• Several tack cloths for general wiping and cleaning.
  • Protective gear includes coveralls, nitrile gloves, safety goggles, and a respirator mask.
  • Mineral spirits for general cleaning purposes.

Step 1: Remove the Bumper Cover

Painting a car bumper is much easier when off the vehicle, as it allows you to reach all corners and prevent overspray from ruining the rest of your car’s finish. Removing the bumper also makes it easier to repair any minor dents and cracks that need fixing before painting.

  • Every car manufacturer uses either screws, tabs, or bolts to attach the bumper cover. So, examine your bumper to find the connection points. Check near the trunk latch, tail lights, wheel wells, and bumper fascia.
  • Afterward, remove the fasteners using the appropriate tools and slide the bumper free.

Step 2: Clean the Bumper Cover

You must clean the bumper cover before applying any product to prevent dirt from interfering with paint adhesion. If you skip this step, your bumper finish will peel off even without hitting or bumping into a hard object.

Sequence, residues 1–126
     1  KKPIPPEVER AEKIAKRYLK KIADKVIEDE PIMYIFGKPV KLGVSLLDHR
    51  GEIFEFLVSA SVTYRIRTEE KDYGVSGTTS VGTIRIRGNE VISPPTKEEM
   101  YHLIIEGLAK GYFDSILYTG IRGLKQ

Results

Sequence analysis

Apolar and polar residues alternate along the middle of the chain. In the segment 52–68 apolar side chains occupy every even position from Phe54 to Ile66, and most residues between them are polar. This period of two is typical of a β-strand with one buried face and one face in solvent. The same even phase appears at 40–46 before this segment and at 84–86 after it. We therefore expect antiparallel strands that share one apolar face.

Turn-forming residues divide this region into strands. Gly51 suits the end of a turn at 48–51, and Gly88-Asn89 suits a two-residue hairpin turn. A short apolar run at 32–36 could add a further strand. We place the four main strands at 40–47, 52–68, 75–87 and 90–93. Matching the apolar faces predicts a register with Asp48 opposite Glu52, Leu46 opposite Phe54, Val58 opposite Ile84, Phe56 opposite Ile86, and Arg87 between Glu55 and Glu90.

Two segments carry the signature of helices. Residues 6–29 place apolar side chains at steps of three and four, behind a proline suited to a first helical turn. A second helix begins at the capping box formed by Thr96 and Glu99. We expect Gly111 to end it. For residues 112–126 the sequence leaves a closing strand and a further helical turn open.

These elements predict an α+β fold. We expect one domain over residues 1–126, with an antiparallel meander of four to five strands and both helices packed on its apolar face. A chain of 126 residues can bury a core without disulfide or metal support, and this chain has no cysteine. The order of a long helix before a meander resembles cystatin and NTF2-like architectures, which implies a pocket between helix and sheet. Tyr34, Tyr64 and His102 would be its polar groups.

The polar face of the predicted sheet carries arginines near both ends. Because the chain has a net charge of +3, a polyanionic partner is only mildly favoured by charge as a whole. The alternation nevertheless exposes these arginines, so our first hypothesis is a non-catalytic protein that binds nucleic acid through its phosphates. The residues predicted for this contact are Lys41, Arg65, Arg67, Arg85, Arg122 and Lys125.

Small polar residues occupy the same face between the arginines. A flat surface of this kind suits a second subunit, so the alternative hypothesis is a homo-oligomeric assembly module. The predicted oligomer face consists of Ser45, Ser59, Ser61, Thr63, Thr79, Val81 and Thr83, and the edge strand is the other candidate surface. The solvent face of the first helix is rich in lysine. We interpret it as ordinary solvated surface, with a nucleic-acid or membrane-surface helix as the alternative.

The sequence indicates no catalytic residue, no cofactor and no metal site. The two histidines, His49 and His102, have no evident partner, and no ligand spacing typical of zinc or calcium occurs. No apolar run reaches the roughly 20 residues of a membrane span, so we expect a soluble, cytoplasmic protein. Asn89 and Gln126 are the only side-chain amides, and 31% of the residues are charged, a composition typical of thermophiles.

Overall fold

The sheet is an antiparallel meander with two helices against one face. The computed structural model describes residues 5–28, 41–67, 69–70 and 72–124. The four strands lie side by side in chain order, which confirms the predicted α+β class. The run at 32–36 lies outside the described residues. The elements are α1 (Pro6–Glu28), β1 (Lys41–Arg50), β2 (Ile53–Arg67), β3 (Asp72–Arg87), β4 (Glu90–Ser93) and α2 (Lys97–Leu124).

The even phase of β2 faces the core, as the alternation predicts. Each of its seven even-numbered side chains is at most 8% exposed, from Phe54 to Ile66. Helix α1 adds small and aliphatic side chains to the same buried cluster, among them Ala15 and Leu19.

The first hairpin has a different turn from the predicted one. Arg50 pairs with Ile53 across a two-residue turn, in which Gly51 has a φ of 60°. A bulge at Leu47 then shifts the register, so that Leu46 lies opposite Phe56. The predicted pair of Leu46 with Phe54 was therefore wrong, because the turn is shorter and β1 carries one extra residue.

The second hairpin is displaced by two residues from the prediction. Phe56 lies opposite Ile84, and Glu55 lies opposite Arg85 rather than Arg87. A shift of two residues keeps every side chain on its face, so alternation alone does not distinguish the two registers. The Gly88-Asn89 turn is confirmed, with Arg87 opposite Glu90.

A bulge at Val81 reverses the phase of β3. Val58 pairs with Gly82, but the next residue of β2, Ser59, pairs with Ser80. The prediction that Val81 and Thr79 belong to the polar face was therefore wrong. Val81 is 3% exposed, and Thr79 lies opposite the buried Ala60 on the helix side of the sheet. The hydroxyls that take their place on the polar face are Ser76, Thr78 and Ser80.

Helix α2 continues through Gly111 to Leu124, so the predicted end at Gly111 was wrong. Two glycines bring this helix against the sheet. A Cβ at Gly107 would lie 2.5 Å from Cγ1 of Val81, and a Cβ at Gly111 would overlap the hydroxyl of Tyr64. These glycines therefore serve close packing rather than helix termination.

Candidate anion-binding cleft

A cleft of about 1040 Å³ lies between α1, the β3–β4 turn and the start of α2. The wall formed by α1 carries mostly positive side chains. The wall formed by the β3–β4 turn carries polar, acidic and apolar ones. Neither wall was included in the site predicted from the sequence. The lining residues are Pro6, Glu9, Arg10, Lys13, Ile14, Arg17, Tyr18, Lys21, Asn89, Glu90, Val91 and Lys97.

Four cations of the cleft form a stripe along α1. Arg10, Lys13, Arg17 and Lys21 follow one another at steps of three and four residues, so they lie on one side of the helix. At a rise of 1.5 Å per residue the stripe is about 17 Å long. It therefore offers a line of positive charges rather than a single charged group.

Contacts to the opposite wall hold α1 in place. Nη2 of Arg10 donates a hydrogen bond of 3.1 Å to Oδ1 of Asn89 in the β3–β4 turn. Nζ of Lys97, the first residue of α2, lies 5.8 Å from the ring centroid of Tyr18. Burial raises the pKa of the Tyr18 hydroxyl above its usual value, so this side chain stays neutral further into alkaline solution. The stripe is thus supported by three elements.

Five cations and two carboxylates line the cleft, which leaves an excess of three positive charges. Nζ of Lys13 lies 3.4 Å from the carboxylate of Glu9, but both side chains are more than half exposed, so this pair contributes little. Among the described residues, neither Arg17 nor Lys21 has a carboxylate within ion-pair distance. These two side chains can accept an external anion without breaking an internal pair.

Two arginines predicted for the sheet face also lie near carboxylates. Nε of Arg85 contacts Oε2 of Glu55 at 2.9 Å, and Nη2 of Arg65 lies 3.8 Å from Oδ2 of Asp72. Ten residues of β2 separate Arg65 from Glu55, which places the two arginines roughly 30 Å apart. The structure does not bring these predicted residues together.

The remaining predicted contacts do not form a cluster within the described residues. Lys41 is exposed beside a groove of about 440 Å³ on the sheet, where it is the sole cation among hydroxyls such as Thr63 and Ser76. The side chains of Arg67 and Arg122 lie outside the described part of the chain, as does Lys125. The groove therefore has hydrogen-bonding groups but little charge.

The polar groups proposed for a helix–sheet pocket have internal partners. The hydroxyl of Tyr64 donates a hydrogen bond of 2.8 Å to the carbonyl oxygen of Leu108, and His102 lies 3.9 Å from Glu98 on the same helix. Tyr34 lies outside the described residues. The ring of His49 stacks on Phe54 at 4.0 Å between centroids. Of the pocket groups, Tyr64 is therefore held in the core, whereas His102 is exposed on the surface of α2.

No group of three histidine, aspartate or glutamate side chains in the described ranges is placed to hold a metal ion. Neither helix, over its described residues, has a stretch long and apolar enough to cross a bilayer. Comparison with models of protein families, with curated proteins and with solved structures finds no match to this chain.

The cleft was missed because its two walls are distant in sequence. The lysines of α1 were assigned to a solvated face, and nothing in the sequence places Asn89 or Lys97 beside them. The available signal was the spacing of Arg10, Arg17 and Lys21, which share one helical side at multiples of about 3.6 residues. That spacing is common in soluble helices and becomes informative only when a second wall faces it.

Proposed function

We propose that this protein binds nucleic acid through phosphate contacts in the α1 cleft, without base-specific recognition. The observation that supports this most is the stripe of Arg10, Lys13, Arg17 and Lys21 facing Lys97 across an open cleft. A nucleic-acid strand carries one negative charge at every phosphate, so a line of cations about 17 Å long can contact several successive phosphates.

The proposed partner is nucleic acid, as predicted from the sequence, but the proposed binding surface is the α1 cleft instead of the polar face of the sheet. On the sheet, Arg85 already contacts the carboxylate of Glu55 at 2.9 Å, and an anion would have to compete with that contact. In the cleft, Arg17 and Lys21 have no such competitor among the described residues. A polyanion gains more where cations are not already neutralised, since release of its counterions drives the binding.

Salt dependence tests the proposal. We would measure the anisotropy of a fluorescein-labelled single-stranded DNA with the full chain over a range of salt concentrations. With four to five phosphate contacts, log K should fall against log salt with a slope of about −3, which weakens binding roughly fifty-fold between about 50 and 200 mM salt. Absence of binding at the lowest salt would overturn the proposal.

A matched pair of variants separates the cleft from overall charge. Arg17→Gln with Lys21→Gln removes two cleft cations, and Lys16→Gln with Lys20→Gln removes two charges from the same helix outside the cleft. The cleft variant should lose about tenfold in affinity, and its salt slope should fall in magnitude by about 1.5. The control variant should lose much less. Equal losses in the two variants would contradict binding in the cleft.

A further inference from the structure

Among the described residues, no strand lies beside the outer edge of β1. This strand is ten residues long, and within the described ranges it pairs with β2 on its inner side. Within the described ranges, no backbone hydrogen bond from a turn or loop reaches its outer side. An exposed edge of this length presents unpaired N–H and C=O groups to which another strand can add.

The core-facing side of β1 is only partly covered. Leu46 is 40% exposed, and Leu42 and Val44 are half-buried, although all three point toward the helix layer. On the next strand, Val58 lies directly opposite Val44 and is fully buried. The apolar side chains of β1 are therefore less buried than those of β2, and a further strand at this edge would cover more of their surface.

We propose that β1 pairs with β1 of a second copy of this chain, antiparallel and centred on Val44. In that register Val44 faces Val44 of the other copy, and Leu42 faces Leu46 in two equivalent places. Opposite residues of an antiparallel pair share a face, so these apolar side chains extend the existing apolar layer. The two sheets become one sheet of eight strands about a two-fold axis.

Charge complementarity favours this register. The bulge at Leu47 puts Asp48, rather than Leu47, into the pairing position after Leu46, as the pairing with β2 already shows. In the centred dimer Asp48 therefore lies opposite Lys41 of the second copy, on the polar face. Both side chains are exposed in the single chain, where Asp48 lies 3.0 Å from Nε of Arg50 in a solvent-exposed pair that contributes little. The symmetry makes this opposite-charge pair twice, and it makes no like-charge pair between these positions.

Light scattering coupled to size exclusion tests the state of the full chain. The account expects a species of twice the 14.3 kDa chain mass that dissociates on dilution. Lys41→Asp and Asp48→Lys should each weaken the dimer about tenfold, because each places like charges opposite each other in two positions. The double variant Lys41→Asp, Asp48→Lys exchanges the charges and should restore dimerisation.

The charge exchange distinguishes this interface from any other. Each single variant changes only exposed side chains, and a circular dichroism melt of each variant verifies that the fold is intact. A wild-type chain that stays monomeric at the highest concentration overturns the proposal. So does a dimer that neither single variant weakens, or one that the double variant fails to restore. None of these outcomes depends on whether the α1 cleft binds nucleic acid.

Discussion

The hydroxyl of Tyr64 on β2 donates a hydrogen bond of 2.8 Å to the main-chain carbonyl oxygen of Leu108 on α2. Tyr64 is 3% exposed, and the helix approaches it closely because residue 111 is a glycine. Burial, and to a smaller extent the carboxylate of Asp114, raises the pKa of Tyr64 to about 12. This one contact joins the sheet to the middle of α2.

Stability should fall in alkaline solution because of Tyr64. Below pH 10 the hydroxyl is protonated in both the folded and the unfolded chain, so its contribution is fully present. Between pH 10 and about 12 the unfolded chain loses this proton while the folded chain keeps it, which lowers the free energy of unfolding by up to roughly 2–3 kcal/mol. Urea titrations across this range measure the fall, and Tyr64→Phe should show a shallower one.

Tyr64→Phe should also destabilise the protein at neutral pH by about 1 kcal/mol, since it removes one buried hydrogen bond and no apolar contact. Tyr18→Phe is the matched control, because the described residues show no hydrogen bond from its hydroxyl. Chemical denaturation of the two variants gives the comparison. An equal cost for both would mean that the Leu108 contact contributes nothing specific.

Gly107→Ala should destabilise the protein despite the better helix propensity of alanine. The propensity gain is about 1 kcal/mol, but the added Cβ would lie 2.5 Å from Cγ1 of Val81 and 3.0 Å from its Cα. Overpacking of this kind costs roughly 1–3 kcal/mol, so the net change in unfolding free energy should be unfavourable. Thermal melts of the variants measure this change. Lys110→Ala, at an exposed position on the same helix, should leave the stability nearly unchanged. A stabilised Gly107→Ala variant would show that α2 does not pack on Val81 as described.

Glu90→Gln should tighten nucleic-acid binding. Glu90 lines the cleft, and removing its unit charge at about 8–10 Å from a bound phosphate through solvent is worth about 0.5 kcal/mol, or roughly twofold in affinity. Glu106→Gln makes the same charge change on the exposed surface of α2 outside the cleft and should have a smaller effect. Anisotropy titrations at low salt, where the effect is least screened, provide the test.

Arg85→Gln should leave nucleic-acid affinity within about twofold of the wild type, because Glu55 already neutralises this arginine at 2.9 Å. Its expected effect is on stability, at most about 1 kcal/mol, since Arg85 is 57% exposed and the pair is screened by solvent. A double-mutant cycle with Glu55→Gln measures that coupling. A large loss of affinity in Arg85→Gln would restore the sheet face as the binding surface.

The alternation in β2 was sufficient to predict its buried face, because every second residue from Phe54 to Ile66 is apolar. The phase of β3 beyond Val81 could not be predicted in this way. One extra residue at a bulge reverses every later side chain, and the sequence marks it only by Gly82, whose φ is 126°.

Car soap and water are the best combinations for this task. However, you can also substitute the car soap with a degreaser like a kitchen soap and still achieve great results

  • Dip a tack cloth into the soapy water and scrub the bumper cover until all the dirt and grease come off.
  • Afterward, rinse the bumper cover thoroughly and wipe it with another clean and dry tack cloth.

Step 3: Wet Sand The Bumper Cover

Wet sanding is essential to level any slightly rough areas on the bumper cover and remove debris embedded in the old finish.